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This concept is part of the calculus of probabilities. So that we can understand it, it is necessary to work with calculus of probabilities. We can get through binomial functions like across some bridge, from the most simplest of probability theses to concepts covering polynomes.

A refers to the fact that some randomly selected product manufactured by a factory is waste (a faulty product). Three samples of output are meant to be selected from production and meant to be part of a larger experiment. If, with each attempt, we are only interested in the occurrence of event A, then, with the larger experiment, we can label three other events B1, B2, B3 with each sample drawn. Therefore, there are a total of eight basic possible outcomes:

which means that, with the first and third attempts, we would always get the event and, with the second attempt, A. Let us make the following assumptions:

- the probability that a sample product will be faulty is a constant value of p = P (A) with all of the individual sets;
- the results of each sample are entirely independent of one another.

From these two assumptions, some formulas relating to special cases arise when P () = 1- p. A random experiment, during which event A can occur, is repeated n times. Let Ai be a result when, during a series of attempts, the sample event A occurs during the ith attempt. In this case, we would call a series of samples or attempts of number n as a Bernoullian attempt if the most important conditions were fulfilled.

The concept of Bernoulli’s experiment was introduced in honour of mathematician Jacob Bernoulli, who is closely associated with binomial divisions. If we perform some random experiment n times and in which there are only two possible outcomes, success or failure, while none of the results influence each other, we are referring to a Bernoullian experiment.

In the previous example, let S_{k} "tge result of a series
of samples of the number 3, when event A occurred k times" for k = 0,1,2,3.
According to theorem 1. It applies that event A occurs with a probability of p =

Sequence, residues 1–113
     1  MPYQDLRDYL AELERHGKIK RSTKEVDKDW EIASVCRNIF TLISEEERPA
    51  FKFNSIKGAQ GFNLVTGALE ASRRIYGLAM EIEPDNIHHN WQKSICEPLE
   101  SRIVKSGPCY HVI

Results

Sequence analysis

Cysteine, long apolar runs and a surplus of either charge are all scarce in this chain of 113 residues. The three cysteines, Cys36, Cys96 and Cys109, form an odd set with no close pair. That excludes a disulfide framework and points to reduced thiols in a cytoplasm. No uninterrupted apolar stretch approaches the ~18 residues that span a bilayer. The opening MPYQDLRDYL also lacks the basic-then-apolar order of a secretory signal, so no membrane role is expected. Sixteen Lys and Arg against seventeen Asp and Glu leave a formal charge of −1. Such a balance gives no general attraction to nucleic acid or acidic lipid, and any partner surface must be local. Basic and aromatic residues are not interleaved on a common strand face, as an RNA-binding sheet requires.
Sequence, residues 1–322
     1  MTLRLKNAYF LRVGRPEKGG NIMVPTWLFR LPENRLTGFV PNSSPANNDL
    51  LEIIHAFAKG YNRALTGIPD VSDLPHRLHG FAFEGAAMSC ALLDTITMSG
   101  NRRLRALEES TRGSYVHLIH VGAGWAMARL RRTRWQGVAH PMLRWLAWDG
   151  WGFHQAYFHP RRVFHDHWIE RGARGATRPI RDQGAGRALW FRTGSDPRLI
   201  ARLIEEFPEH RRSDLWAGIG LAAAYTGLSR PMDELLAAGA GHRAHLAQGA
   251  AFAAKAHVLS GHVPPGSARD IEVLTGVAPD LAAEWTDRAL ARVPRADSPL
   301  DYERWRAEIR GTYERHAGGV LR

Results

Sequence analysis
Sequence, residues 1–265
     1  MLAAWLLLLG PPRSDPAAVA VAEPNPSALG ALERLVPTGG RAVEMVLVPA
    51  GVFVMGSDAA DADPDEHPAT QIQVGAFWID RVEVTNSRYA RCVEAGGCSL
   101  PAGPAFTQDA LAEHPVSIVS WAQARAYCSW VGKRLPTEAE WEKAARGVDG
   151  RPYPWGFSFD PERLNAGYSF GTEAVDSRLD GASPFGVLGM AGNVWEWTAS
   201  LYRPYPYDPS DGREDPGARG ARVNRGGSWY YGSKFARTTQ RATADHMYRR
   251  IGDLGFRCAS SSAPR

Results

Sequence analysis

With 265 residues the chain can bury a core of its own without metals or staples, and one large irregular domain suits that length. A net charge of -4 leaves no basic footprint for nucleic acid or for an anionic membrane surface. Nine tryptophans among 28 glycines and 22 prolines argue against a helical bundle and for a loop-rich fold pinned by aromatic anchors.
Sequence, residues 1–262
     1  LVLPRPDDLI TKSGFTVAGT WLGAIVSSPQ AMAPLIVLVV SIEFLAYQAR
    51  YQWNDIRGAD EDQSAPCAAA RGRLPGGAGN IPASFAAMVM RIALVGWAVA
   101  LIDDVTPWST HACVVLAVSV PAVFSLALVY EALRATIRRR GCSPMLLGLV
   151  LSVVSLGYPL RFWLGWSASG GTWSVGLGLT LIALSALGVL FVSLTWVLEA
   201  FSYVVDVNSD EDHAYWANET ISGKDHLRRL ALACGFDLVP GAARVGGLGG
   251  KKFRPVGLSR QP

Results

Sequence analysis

P (). Therefore, for a
probability of p_{k} it applies that a Bernoullian attempt of extent n,
event A occurs exactly k times. Proof: using S_{k}, we mark event A,
which occurs exactly k times in a series of n attempts. From this we can say
that S_{k} always occurs whenever A occurs during the first k attempts,
and during the remaining n-k attempts when A occurs.

According to this, we can recognise that we are dealing with a
Bernoullian experiment. Each subsequent occurrence of S_{k} can take
place through permutation, where each permutation has the same probability. In
conclusion, we can say there exists many types of this kind of permutation and
from which the assertion of results ensues. The probability p_{k}
represents terms in the binomial expansion of (p + (1-p))^{n}.
From this we derive the name of binomial division.

Binomial samples serve to solve binomes.

Binomial samples are used in the most varied of mathematics fields, such as when computing probabilities and for analyses, making them a useful instrument for solving quadratic equations. Note that these are binomes of the second order, given in the form:

(a + b)^{2},
where a, b Î R.

From the general binomial theorem, we get three binomial samples for a second order binome.

The first binomial formula:

(a + b)^{2}
= a^{2} + 2ab + b^{2},
where a, b Î R.

The second binomial formula:

(a – b)^{2}
= a^{2} – 2ab + b^{2},
where a, b Î R.

Third binomial formula:

(a + b)(a – b) = a^{2}
– b^{2}, where a, b Î R.

Using these three formulas, we are often able to quickly deduce a solution for quadratic equations. For example:

We are given the quadratic equation:

x^{2} + 8x = - 16

which we can transform to achieve:

x^{2 }+ 8x + 16 = 0

and, using the first binomial formula, we end up with

(x + 4)^{2} = 0

by extracting the left hand side, we achieve the solution S = { -4}

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